Recovering addict turned advocate: Boise man helps students stay away from meth
Eric Fink speaks with former meth addict Mike Howard Video by IdahoOnYourSide.comvideo
Boise's Mike Howard took his first hit of meth when he was 15.
"I believe methamphetamine is the most addictive drug out there," Howard said. "It swallowed me whole."
25 years after his first encounter with meth, Howard is now sober six years. But, the emotional scars of his addiction remain. "The one time I did, from that first time," Howard said, "there was 18 years of battle."
Howard spent a year in prison for a violent crime he committed under the influence of the addictive drug. His incarceration helped to fuel his desire to turn his life around.
Howard is currently the lead volunteer coordinator for the Idaho Meth Project. In its sixth year, the statewide campaign brings recovering addicts like Howard into the classroom to speak with teens and young adults about the dangers of the drug.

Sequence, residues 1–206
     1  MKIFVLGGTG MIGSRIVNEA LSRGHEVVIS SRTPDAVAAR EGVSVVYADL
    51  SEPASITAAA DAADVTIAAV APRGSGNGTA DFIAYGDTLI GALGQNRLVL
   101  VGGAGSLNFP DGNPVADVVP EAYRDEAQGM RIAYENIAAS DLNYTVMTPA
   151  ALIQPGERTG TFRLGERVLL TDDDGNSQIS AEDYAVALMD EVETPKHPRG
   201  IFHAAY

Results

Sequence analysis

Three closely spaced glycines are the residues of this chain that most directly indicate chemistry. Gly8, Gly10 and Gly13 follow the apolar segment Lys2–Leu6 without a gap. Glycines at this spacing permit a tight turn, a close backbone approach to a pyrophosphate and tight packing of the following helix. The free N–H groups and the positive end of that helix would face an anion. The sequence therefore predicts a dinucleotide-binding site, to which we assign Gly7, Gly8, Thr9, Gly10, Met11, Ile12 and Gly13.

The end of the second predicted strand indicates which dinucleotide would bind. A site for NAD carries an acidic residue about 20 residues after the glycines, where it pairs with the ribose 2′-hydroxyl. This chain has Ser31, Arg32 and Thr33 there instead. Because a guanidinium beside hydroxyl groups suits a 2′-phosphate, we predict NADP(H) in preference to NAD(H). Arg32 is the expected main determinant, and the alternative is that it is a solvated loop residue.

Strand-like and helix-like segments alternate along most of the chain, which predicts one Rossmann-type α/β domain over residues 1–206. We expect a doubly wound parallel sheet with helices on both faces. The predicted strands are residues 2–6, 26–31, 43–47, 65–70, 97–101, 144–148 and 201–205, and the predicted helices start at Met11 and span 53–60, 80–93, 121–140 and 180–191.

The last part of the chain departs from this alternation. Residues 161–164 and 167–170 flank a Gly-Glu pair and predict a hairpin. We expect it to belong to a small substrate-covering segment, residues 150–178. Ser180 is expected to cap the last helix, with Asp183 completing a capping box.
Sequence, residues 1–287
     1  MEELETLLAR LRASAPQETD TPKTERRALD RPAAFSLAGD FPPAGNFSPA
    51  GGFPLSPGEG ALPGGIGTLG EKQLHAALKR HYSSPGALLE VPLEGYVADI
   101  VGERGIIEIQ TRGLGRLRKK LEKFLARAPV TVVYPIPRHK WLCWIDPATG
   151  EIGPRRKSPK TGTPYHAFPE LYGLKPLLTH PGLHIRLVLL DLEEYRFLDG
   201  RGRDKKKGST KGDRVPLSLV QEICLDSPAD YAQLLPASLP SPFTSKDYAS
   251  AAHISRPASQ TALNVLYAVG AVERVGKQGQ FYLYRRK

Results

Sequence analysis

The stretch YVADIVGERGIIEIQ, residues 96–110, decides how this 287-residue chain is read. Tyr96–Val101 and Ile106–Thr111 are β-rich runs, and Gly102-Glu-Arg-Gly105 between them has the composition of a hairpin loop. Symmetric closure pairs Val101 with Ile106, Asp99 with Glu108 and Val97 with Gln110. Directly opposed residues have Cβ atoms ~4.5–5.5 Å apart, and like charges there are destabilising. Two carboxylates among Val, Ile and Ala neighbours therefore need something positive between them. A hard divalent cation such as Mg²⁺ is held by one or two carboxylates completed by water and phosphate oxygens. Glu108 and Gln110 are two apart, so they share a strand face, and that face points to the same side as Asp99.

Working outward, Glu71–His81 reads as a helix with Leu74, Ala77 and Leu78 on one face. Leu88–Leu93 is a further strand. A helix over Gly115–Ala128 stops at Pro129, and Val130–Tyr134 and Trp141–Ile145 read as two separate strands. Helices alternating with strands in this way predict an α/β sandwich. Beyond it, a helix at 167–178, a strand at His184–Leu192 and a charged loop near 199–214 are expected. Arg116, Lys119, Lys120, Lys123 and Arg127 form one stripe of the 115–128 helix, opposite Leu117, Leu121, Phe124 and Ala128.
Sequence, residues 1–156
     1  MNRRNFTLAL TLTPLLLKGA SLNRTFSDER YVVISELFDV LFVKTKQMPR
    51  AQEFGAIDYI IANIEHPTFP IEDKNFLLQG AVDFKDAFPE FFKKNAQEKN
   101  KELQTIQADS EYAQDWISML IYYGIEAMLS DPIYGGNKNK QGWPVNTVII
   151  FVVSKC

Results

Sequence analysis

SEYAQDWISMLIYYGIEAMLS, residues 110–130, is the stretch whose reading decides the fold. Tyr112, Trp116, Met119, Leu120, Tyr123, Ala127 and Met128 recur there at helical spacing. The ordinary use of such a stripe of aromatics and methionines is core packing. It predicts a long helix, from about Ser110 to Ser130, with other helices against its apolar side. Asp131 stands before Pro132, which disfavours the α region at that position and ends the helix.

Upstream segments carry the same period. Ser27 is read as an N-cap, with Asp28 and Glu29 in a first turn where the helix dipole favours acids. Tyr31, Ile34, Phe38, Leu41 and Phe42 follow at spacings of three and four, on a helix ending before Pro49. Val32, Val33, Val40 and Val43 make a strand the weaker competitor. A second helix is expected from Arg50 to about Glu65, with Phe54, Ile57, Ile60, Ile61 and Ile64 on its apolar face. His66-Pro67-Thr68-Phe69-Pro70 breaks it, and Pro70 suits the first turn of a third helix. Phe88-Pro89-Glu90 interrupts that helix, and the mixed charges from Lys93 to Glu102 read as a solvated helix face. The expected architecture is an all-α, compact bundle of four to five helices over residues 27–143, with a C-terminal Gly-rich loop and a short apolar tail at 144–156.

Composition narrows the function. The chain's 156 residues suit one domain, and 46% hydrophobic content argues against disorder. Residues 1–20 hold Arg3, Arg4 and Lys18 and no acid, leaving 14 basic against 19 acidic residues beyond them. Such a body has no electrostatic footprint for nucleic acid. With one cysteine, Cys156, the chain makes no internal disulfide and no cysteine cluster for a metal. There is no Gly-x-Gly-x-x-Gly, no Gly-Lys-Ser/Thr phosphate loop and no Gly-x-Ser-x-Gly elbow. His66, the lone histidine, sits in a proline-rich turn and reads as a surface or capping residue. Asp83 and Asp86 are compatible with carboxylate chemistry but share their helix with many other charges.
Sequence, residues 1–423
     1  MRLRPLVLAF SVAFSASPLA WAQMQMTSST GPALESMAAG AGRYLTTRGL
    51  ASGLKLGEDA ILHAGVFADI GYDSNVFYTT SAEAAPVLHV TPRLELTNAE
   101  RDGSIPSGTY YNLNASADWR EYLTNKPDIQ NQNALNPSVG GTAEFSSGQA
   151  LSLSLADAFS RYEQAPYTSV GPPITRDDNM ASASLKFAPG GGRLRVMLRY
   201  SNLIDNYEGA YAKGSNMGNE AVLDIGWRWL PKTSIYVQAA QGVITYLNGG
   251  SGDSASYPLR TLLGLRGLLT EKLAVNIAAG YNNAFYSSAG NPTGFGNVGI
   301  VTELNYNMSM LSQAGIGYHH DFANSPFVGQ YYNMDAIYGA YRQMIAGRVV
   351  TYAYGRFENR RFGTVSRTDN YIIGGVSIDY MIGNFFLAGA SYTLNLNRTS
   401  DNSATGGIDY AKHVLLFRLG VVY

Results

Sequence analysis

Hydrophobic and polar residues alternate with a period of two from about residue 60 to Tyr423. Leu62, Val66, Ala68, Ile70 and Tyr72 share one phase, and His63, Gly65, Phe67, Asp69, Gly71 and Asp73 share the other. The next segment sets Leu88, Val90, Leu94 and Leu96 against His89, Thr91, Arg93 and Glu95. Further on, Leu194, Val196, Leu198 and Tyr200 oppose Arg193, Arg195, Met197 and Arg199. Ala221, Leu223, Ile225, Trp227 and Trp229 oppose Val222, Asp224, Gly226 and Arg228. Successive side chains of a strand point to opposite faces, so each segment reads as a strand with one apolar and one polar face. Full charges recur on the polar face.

"I went into doing this drug half-heartedly, not knowing what I getting into," Howard recalled. "To get sober, and get my head on straight, I know this is my last chance in life. I need to do it right this time."
Since its inception in 2008, the Meth Project has helped reduce meth use among teens in Idaho by 50 percent.
"Let's get to these teens before they ever try the drug," Idaho Meth Project executive director Gina Heideman said. "Let's educate them before they get there and then they'll grow to be healthy, meth-free adults."
Heideman says roughly 10 percent of meth addicts who get sober, remain clean throughout their life.